Both Superman and Mr. Spock are characters who are defined by their lack of outward definition, their blankness: Superman’s unflappable goodness and Spock’s cool, emotionless logic. These new interpretations give them both strong motivations for justice (or revenge, depending on how you see it), and reimagines them as far more aggressive, hot-tempered personalities. Apparently it’s not enough anymore for Superman or Spock to have been raised by kind, loving, and intelligent parents. In order to becomes heroes, they have to have been wronged in a significant way.

Are current audiences incapable of relating to heroes who are good simply for the sake of being good? Maybe. We live in cynical times, when we distrust our government and our leaders as a matter of course. Perhaps it’s only fitting that we would be skeptical of anyone whose motivations to do something are pure and selfless. To fight for truth, justice, and the American way, or to boldly go where no one’s gone before, you might need a little bit of a push.

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Give Back

Last-Minute Holiday Gift Guide

Hits from the '80s are on repeat all Christmas Eve and Day on IFC.

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GIFs via Giphy, Photos via The Everett Collection

It’s the final countdown to Christmas and thanks to IFC’s movie marathon all Christmas Eve and Christmas Day, you can revel in classic ’80s films AND find inspiration for your last-minute gifts. Here are our recommendations, if you need a head start:

Musical Instrument

Great analog entertainment substitute when you refuse to give your kid the Nintendo Switch they’ve been drooling over.

Breakfast In Bed

Any significant other or child would appreciate these Uncle Buck-approved flapjacks. Just make sure you’re not stuck on clean up duty.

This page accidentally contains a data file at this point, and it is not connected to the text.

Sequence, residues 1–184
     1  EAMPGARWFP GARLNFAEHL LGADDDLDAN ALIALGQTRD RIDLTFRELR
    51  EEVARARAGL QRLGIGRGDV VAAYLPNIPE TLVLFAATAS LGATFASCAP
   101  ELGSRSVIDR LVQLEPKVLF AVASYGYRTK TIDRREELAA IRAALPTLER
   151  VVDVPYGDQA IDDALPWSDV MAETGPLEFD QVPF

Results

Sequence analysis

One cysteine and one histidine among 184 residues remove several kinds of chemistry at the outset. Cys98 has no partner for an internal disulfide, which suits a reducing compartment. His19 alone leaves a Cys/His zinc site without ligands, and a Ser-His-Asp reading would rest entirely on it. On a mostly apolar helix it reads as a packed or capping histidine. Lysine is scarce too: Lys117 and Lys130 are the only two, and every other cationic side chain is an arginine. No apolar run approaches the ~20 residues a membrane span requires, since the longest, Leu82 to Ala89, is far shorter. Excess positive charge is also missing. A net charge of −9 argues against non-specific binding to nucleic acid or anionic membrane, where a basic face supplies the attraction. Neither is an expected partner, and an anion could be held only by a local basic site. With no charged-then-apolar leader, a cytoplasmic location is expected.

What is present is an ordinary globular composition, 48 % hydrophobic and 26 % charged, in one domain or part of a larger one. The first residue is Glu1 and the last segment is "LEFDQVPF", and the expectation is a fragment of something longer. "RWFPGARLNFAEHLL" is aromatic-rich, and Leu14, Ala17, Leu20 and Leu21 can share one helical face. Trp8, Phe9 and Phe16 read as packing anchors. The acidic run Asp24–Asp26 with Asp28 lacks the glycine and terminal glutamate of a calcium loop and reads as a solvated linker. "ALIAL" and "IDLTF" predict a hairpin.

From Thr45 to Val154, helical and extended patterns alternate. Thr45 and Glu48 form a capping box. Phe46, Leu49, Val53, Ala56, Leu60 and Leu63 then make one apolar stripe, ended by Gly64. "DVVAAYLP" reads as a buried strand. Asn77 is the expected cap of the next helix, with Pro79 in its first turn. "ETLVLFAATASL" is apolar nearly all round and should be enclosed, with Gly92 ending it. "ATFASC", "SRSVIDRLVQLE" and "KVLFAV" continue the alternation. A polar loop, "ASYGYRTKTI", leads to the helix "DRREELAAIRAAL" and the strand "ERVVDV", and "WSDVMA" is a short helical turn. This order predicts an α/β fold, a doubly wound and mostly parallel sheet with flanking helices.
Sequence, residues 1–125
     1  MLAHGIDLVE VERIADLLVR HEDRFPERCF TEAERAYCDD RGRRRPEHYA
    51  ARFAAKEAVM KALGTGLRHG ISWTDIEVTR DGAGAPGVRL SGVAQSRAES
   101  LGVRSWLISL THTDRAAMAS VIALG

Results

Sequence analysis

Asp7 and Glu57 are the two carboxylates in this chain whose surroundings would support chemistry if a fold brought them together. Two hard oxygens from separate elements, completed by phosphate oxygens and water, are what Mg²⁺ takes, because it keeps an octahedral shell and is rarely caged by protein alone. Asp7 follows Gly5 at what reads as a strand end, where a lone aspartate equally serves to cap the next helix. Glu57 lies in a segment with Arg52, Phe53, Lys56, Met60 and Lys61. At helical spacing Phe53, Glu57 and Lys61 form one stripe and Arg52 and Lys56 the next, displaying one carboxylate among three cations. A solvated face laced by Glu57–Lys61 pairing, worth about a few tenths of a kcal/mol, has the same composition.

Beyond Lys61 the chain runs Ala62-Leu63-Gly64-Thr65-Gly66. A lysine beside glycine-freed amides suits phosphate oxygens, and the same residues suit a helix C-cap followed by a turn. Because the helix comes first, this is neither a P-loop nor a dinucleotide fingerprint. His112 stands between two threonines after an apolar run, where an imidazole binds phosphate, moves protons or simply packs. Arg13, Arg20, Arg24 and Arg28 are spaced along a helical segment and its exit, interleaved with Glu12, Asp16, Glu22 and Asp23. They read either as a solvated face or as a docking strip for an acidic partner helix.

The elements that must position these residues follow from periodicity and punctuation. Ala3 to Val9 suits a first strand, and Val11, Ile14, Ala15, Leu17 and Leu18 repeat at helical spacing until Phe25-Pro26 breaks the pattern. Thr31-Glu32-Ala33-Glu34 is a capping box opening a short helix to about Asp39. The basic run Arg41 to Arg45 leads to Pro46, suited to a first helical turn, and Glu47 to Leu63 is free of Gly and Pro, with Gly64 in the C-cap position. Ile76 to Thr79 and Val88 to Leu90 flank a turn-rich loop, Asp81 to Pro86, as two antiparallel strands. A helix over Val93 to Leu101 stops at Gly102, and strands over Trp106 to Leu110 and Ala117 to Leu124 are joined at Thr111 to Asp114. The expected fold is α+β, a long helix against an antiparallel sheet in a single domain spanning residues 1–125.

Cocktail Supplies

You’ll need them to get through the holidays.

Dance Lessons

So you can learn to shake-shake-shake (unless you know ghosts willing to lend a hand).

Comfy Clothes

With all the holiday meals, there may be some…embigenning.



Get even more great inspiration all Christmas Eve and Day on IFC, and remember…

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A-O Rewind

Celebrating Portlandia One Sketch at a Time

The final season of Portlandia approaches.

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GIFs via Giphy

Most people measure time in minutes, hours, days, years…At IFC, we measure it in sketches. And nothing takes us way (waaaaaay) back like Portlandia sketches. Yes, there’s a Portlandia milepost from every season that changed the way we think, behave, and pickle things. In honor of Portlandia’s 8th and final season, Subaru presents a few of our favorites.

via GIPHY

Put A Bird On It

Portlandia enters the pop-culture lexicon and inspires us to put birds on literally everything.

Colin the Chicken

Who’s your chicken, really? Behold the emerging locavore trend captured perfectly to the nth degree.

Dream Of The ’90s

This treatise on Portland made it clear that “the dream” was alive and well.

No You Go

We Americans spend most of our lives in cars. Fortunately, there’s a Portlandia sketch for every automotive situation.

A-O River!

We learned all our outdoor survival skills from Kath and Dave.

One More Episode

The true birth of binge watching, pre-Netflix. And what you’ll do once Season 8 premieres.

Catch up on Portlandia’s best moments before the 8th season premieres January 18th on IFC.

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WTF Films

Artfully Off

Celebrity All-Star by Sisters Weekend is available now on IFC's Comedy Crib.